The Driving Questions

Each workstream will be asked to focus their breakout sessions on answering the following questions. The answers from each workstream are to be communicated and discussed with all participants during the Final Wrap-Up session, with the goal of presenting the Born This Way Foundation with a potential research agenda and future roadmap for action.

1. Need To Know: What are the key 3 or 4 things that a new foundation and the public need to know about the central issues that your stream is focused on (e.g. key research findings, basic knowledge, etc.)?
1. Central Action Items: What are the key 3 or 4 things that should be the central action items for the Foundation in this arena? (Think about actions that require funding as well as those that do not, low hanging fruit as well as long shots).
1. Big Picture Ideas: Are there big picture ideas, incubating projects, or innovative ideas “in the lab” that might work, but that haven’t been tried? How should we support and roll out such initiatives? What are the barriers?
1. Cross-Stream Needs: What are 1 or 2 important issues discussed in your working stream that require collaborating with another stream? (This is a complex systems problem so we know that there's overlap.)



Workstreams


1. Classroom-based curriculum. How can bravery and tolerance be integrated into the classroom? Where are known successes that can be scaled? What are the pedagogical issues? What are the teacher training issues? Where is innovation needed? What are missing pieces to help?


2. Curricula as a campaign for a networked age. How can empowering curricula exist outside of the classroom? What is the role of TV, PSAs, and other "old" media? What can be done with new media: gaming, social media, etc.? How can spreadable media be leveraged to get out messages of bravery and tolerance?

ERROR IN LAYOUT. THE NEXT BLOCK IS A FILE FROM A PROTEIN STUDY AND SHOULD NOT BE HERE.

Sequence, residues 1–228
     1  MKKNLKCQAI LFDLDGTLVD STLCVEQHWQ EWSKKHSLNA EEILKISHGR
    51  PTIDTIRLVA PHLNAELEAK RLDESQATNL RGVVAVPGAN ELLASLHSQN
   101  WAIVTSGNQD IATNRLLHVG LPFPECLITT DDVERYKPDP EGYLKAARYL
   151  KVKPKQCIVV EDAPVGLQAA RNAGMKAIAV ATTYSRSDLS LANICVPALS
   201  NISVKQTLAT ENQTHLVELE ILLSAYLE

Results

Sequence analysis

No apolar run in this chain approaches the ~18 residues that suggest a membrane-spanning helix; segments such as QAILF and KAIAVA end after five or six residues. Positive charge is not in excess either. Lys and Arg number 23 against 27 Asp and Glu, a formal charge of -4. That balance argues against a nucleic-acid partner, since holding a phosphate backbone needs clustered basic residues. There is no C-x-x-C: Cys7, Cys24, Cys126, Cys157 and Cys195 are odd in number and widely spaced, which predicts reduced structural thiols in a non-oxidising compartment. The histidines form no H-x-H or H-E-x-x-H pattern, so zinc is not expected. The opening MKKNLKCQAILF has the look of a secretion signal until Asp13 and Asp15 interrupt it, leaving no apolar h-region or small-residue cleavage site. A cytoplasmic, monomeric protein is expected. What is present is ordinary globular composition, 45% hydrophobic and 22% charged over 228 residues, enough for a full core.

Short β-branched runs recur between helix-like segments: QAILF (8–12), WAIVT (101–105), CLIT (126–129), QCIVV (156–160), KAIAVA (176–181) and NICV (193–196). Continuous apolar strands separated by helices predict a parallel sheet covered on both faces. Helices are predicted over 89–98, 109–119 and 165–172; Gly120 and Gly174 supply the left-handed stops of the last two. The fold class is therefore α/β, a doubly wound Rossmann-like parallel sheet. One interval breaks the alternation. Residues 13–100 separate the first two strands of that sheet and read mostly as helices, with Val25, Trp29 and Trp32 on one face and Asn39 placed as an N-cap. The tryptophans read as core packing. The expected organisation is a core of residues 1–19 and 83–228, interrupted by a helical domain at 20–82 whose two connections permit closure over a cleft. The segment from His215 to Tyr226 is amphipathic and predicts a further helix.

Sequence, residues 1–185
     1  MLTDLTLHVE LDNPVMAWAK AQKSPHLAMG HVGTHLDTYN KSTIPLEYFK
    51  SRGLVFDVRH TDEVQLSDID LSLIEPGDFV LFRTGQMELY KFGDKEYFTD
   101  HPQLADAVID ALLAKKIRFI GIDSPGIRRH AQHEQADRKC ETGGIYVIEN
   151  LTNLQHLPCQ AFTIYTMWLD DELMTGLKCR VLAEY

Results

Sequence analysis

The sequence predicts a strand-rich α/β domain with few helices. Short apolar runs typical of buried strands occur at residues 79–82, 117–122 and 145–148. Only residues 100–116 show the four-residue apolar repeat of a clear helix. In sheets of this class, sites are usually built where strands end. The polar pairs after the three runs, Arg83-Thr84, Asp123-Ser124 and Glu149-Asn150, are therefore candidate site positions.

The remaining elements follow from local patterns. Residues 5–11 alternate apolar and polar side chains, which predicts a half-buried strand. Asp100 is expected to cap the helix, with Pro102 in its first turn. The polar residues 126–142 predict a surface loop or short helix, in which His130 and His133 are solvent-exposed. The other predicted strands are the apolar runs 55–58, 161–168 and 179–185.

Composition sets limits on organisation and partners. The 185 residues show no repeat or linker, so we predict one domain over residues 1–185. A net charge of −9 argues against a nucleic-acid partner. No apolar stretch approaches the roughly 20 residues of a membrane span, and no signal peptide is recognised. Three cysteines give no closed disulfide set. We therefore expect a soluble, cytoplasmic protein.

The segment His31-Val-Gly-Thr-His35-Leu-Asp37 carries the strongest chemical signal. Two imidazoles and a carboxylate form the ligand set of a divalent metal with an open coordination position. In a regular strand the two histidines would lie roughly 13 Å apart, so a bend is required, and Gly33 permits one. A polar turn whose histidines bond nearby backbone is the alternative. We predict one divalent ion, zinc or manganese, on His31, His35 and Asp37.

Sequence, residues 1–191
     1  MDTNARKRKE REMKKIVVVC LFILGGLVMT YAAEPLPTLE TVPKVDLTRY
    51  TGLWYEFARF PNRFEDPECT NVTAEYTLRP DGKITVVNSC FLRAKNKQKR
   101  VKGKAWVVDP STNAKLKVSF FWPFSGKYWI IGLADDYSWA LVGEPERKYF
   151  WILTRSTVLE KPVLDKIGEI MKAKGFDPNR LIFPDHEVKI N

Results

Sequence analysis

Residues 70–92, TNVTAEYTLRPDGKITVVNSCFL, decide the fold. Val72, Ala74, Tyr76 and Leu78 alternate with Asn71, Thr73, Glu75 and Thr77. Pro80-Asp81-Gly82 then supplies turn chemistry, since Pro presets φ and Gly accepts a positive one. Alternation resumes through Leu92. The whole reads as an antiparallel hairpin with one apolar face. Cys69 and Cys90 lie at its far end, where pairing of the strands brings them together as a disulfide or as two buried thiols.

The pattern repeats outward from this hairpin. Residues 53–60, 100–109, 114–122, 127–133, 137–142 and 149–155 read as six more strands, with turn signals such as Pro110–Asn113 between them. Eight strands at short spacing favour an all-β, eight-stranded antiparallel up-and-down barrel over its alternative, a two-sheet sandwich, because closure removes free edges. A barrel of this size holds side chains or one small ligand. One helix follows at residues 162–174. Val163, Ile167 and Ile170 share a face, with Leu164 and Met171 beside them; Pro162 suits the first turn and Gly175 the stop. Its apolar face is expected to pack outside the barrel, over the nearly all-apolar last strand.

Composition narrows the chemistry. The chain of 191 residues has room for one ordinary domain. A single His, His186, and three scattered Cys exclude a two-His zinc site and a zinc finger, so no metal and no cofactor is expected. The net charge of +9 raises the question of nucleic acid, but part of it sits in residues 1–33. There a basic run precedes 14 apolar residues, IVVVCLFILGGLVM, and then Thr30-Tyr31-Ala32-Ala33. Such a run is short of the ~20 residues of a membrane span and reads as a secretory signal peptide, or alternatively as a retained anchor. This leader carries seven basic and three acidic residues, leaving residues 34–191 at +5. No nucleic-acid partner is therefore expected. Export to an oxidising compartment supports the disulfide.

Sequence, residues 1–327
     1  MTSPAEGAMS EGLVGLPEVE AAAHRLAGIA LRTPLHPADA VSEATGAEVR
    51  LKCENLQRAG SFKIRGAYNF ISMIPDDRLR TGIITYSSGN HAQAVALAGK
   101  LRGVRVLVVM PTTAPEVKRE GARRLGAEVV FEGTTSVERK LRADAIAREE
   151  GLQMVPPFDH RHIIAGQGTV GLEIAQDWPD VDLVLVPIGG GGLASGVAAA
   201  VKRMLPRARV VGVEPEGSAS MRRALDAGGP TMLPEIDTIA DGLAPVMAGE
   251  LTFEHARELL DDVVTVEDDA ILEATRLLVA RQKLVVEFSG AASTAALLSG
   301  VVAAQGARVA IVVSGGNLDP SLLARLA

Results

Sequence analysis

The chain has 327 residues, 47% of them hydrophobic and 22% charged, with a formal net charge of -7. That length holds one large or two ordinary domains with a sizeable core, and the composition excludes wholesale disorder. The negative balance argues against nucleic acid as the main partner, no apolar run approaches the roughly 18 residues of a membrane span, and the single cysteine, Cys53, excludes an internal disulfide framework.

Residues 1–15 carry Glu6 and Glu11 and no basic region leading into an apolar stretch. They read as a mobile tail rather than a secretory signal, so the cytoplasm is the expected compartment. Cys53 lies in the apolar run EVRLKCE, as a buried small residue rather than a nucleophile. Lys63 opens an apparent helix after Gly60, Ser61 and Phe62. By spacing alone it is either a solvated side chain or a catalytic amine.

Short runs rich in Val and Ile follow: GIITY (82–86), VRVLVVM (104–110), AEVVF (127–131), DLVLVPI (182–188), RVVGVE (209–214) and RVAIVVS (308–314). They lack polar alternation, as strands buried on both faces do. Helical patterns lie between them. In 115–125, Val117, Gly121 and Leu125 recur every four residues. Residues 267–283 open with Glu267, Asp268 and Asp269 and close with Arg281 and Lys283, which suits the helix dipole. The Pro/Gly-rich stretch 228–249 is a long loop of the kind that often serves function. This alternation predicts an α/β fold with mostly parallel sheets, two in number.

3. Evaluation and assessment. Lots is happening in the bullying space - new laws, new curricula, new public campaigns. How do we scaffold an evaluation infrastructure around these rapidly moving pieces to assess efficacy and account for unintended consequences?


4. Grassroots and peer-driven initiatives. Youth are developing their own initiatives to combat bullying and increase tolerance and acceptance in their schools. What are success stories? When should these be supported by adults and when is that problematic? How can youth-driven initiatives be supported, encouraged, and scaled?


5. Law and Policy. New laws are emerging in the bullying space. Some of this focuses on educational outcomes, but much of it focuses on punitive structures. What's happening in the public policy space? How are schools integrating policy outcomes into their programs?


6. School culture. Engendering healthy school culture can alleviate many bullying-related issues. What are the tactical approaches to engendering healthy school culture? Where are the tension points? Where have interventions worked and where have they failed?

We are committed to genuine interactivity throughout the event; all attendees bring important (and diverse) knowledge, expertise and experience to the key topic areas, and we encourage active engagement from all participants.